One year after New Jersey passed a law banning antigay conversion therapy, a federal judge dismissed a lawsuit challenging the ban.
On July 31, U.S. District Court Judge Freda Wolfson dismissed a challenge to New Jersey’s conversion-therapy bill that had been filed by a South Jersey teen and his parents, who claimed the bill hinders their son’s “right to self-determination” and their parenting abilities. The plaintiffs also argued that it interferes with their freedom of religion.
Wolfson wrote that the bill “does not suppress, target or single out the practice of any religion because of religious conduct.”
The law prevents licensed therapists, psychologists, social workers and counselors from administering therapies that seek to change one’s sexual orientation. It does not extend to clergy.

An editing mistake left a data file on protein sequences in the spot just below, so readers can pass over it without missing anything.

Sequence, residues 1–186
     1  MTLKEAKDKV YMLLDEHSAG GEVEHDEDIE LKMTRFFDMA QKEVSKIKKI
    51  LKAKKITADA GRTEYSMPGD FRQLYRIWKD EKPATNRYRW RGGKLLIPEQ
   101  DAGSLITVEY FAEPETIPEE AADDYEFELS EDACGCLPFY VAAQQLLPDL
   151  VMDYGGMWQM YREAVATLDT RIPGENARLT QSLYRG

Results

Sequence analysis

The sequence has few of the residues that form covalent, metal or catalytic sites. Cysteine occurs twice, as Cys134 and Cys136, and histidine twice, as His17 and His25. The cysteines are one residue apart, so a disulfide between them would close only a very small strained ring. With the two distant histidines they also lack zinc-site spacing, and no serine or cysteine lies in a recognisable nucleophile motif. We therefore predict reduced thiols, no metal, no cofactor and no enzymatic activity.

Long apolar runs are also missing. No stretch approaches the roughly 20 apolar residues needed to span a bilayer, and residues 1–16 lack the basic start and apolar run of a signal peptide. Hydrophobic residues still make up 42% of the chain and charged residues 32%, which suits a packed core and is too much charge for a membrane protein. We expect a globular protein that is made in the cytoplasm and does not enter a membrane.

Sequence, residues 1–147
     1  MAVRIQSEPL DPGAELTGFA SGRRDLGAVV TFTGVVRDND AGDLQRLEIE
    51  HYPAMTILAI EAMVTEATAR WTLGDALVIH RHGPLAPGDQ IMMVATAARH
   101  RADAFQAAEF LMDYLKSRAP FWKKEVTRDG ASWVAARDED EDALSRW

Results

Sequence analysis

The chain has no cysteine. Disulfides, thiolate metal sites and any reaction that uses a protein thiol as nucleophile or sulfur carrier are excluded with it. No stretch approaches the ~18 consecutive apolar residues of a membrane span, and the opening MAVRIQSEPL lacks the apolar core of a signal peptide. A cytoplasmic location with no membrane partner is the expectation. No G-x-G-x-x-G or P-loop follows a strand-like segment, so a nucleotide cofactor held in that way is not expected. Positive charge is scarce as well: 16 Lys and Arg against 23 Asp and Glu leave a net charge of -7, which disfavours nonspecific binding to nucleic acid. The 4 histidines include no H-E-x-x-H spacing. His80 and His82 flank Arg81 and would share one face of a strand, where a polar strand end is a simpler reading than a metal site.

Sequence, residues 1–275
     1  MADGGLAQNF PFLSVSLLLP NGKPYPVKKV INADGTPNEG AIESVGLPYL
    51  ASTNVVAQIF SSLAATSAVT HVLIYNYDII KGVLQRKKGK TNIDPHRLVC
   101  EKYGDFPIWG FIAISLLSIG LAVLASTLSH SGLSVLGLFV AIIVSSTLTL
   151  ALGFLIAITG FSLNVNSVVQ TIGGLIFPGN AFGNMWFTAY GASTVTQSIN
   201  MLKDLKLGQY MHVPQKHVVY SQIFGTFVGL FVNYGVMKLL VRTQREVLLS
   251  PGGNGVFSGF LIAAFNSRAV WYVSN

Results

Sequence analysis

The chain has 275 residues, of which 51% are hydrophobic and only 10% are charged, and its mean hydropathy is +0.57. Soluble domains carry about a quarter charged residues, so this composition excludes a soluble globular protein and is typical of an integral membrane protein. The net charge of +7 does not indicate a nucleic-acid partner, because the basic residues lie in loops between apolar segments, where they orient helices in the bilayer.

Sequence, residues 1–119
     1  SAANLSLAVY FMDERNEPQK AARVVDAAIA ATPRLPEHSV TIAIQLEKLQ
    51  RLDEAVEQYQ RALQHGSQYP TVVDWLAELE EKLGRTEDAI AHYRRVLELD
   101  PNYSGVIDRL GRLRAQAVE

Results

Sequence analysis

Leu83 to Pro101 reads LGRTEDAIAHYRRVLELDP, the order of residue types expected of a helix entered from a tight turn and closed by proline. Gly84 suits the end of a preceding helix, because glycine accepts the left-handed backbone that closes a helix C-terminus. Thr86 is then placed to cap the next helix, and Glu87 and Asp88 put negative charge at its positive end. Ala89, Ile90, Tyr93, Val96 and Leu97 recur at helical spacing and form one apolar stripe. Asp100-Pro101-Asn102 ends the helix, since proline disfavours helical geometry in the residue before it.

Wolfson also noted that the bill does not interfere with the plaintiffs’ ability to parent their child.
“Surely, the fundamental rights of parents do not include the right to choose a specific medical or mental-health treatment that the state has reasonably deemed harmful or ineffective,” she wrote.
The New Jersey legislature passed the bill two weeks after Exodus International, a Christian ministry dedicated to conversion therapy, closed. The following week, Republican Gov. Chris Christie signed the bill into law, making New Jersey the second state in the country to ban conversion therapy.
Last fall, Wolfson dismissed a challenge to the law from two New Jersey therapists, the National Association for Research and Therapy of Homosexuality and the American Association of Christian Counselors. The plaintiffs argued that the bill violated their freedom of religion and right to free speech.
In that case, Wolfson noted that the argument for free speech was “largely irrelevant” and said the law does not prevent practicing professionals from preaching the value of sexual orientation-change efforts.
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